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(a) The common-law rules known as the rule in Shelley's case, the rule forbidding a remainder to the grantor's heirs, the doctrine of worthier title, and the doctrine or rule prohibiting an existing lien upon part of a homestead from extending to another part of the homestead not charged with the debts secured by the existing lien upon part of the homestead do not apply in this state.
(b) A deed, will, or other conveyance of property in this state that limits an interest in the property to a particular person or to a class such as the heirs, heirs of the body, issue, or next of kin of the conveyor or of a person to whom a particular interest in the same property is limited is effective according to the intent of the conveyor.
(c) Status as an heir or next of kin of a conveyor or the failure of a conveyor to describe a person in a conveyance other than as a member of a class does not affect a person's right to take or share in an interest as a conveyee.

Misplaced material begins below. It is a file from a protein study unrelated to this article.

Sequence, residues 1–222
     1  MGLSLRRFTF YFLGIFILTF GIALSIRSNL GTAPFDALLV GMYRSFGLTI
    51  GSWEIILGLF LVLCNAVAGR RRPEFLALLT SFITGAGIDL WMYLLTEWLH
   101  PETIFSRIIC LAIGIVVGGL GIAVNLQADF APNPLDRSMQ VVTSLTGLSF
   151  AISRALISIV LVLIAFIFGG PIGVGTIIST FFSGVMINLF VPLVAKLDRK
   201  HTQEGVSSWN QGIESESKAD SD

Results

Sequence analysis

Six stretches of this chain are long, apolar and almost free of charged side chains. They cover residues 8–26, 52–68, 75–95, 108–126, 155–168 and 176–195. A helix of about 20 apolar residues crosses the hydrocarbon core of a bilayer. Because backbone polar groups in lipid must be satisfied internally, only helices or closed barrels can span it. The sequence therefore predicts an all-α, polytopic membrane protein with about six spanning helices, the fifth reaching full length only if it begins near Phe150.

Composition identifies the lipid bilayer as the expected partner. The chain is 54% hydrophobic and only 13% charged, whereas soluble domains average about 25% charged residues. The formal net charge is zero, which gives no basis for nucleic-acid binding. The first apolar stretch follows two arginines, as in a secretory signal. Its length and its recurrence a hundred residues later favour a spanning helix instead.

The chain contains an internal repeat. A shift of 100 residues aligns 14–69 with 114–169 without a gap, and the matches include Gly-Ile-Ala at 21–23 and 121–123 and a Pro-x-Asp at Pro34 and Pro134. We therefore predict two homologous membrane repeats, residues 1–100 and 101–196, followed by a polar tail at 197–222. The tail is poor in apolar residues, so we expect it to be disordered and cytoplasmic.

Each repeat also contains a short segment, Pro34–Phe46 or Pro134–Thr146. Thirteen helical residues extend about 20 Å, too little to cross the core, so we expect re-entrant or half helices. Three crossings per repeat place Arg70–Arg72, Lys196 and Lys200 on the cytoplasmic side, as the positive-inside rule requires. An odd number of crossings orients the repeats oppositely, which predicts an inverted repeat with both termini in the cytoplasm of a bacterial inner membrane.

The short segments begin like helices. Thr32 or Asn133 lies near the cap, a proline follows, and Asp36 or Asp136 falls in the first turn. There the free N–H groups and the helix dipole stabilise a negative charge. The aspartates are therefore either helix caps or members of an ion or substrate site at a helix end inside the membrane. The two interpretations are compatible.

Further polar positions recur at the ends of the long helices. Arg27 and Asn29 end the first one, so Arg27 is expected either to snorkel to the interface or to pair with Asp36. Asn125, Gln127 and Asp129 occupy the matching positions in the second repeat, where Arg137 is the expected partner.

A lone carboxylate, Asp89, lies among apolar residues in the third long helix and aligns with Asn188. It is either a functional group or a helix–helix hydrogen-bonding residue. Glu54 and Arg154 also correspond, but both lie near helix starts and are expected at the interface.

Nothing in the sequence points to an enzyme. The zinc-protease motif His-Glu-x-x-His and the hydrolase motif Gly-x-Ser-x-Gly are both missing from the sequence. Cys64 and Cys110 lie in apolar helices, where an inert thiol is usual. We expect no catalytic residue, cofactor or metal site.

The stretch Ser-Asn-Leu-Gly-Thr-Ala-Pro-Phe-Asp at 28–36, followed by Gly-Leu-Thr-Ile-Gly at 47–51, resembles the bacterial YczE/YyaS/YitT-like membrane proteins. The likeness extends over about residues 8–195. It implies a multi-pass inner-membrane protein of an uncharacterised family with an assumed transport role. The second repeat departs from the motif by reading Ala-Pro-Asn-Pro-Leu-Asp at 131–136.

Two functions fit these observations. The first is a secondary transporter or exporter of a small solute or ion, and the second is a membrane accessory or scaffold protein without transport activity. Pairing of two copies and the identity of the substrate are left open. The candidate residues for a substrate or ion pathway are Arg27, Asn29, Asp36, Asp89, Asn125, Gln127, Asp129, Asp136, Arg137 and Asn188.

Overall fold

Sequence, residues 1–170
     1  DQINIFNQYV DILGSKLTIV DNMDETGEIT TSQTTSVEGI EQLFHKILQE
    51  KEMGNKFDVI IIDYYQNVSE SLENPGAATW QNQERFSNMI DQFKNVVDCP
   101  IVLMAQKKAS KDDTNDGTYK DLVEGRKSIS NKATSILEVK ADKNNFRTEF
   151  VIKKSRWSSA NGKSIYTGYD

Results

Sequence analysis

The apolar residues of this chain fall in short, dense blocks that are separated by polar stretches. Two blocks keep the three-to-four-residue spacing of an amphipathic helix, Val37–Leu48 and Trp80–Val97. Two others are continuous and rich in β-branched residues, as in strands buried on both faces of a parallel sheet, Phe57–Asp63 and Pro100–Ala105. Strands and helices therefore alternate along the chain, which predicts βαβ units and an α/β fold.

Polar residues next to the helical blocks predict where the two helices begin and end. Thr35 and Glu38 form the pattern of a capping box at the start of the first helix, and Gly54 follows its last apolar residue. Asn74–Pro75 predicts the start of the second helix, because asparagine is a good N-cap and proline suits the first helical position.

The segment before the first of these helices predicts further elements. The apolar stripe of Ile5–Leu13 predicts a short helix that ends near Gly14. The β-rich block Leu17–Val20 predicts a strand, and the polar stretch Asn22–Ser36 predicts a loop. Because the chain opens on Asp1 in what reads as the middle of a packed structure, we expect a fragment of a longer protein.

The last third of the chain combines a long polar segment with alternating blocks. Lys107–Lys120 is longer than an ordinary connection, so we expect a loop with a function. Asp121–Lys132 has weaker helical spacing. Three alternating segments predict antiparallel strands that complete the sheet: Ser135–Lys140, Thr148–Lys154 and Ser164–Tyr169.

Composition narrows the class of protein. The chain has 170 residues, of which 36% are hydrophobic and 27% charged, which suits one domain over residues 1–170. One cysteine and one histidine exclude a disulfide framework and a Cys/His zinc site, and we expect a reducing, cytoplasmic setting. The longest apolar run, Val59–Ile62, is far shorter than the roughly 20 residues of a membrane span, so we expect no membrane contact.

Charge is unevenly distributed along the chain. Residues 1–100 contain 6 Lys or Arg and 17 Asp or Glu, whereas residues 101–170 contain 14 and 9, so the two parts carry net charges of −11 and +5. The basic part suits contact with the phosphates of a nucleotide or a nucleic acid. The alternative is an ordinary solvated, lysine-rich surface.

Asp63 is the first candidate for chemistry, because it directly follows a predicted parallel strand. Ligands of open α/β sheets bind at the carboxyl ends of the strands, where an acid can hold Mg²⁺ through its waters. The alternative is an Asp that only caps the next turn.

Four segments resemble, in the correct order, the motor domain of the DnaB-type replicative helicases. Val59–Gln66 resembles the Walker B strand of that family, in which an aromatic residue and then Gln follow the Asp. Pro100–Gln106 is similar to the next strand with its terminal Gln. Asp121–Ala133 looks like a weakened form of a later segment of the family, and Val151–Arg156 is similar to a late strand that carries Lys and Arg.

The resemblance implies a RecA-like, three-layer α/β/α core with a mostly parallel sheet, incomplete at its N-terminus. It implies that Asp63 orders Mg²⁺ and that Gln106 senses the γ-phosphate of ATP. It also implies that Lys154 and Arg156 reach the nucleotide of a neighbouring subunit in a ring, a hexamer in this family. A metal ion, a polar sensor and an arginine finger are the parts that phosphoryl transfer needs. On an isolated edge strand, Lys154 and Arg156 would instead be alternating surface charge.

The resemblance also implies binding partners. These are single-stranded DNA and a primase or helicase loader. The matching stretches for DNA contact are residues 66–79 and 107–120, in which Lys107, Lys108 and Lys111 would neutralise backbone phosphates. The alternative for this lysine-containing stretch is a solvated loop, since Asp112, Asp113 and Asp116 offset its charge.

(d) Subject to the intention of a conveyor, which controls unless limited by law, the membership of a class described in this section and the participation of a member in a property interest conveyed to the class are determined under this state's laws of descent and distribution.
(e) This section does not apply to a conveyance taking effect before January 1, 1964.
Cite this article: FindLaw.com - Texas Property Code - PROP § 5.042. Abolition of Common-Law Rules - last updated April 14, 2021 | https://codes.findlaw.com/tx/property-code/prop-sect-5-042.html
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